Archive Synchronization

For any given database, NuoDB recommends running two or more SMs to ensure high-availability and redundancy. Additional SMs do not typically make the database faster to read or write data. Additional TEs, on the other hand, can provide increased performance by allowing more queries to be run concurrently.

When running multiple SMs, by default, each archive contains a complete copy of the database. Each SM is thus a backup for the other SMs.

Multiple SMs automatically act as backups for each other. Consider this while scheduling explicit backups.

Multiple SMs act as backups for each other due to Archive Synchronization.

How it Works

Scenario: An SM needs to be taken down for maintenance, is scaled-in (because it is, temporarily not needed) or restarted due to a failure.

When the SM is restarted, it goes into the SYNC state. You can see this in the output of nuocmd show domain or nuocmd show database. In the SYNC state, the SM requests (from the already-running SMs in the database) a copy of all data that has changed since the last transaction it committed (just before going down).

Once the archive is up-to-date again, it switches to the RUNNING state and recommences managing data in the usual way.

Even if the entire archive has been lost (perhaps due to disk failure), an SM can be restarted with an empty archive and will use archive synchronization to import the entire database from the other SMs. In this way, the loss of an SM or its archive causes no database downtime or data loss.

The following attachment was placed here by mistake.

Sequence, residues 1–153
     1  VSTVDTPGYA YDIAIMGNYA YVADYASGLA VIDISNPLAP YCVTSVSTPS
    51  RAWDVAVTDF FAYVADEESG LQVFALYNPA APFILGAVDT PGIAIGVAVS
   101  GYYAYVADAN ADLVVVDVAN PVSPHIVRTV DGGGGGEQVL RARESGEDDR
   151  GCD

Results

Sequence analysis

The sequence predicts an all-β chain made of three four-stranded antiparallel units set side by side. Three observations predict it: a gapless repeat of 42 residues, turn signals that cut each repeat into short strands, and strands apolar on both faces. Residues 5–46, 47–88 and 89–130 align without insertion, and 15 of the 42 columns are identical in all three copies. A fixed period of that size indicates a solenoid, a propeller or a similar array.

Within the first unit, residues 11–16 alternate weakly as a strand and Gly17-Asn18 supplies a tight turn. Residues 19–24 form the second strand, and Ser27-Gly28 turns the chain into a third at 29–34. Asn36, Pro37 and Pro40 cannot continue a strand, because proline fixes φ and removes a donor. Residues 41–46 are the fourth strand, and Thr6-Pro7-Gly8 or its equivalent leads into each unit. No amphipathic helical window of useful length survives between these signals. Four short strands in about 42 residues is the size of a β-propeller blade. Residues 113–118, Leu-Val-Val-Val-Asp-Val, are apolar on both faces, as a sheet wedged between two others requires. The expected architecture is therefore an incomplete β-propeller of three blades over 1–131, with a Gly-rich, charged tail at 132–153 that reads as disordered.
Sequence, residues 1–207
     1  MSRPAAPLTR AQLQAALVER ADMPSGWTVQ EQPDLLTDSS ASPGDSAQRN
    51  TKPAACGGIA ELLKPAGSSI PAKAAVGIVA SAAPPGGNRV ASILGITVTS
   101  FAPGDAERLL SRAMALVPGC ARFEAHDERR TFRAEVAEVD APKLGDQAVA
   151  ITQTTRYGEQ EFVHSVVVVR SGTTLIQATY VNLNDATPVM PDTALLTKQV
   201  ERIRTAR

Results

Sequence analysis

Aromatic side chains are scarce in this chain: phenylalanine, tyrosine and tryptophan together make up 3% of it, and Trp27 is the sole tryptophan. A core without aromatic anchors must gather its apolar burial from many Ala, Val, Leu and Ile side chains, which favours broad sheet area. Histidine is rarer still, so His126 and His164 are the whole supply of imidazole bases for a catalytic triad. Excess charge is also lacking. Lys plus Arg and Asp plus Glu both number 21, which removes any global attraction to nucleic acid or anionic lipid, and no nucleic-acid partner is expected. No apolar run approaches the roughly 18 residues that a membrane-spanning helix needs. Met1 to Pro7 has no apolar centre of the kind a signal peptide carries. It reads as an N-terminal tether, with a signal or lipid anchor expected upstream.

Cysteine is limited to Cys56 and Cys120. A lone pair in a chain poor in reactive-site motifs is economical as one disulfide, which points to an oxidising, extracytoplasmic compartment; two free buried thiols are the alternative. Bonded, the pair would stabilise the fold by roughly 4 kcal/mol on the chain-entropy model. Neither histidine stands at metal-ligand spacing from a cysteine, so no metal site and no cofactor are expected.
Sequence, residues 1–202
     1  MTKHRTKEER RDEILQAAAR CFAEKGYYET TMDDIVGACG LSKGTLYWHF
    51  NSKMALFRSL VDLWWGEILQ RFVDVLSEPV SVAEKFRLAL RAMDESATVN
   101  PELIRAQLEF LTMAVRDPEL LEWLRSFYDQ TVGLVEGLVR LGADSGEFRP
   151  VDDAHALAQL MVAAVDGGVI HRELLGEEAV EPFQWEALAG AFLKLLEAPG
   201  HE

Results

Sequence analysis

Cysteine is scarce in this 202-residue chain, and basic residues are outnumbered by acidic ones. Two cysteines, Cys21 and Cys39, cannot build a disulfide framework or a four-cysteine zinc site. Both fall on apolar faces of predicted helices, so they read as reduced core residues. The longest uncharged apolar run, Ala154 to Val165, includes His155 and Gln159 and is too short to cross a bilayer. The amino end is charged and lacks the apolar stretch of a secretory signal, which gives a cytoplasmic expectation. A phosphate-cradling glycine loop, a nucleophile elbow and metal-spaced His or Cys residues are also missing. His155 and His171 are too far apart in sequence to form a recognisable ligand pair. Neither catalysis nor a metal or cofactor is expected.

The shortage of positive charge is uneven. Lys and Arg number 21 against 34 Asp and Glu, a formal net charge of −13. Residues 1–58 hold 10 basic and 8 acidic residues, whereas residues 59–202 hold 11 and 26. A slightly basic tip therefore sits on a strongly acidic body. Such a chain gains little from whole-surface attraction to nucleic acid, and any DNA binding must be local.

Database Cloning

Scenario: Clone from a backup.

To create a new database from a backup:

  1. Initialize the first archive from the backup.

  2. Create the database (it will run a single SM).

  3. Once the first SM is up and running, start additional SMs. Each will use archive synchronization to populate their empty archives.

Catastrophic Failure

Scenario: All the archives belonging to all the SMs have failed.

In the unlikely event that all the archives in a database have been lost or corrupted, you can restore the database from your most recent backup in the same way as creating the clone database.

  1. If necessary, delete any remaining archive directories

  2. Restore one archive and restart its SM.

  3. Once the SM is up and running, start additional SMs as desired. They will SYNC from the first SM.

The same mechanism can be used to return a database to a known initial state during development and testing. Follow the steps below after completing the tests:

  1. Stop all the SMs.

  2. Delete all the archives.

  3. Restore one archive

  4. Restart its SM

  5. Then let any other SMs restore from the first SM.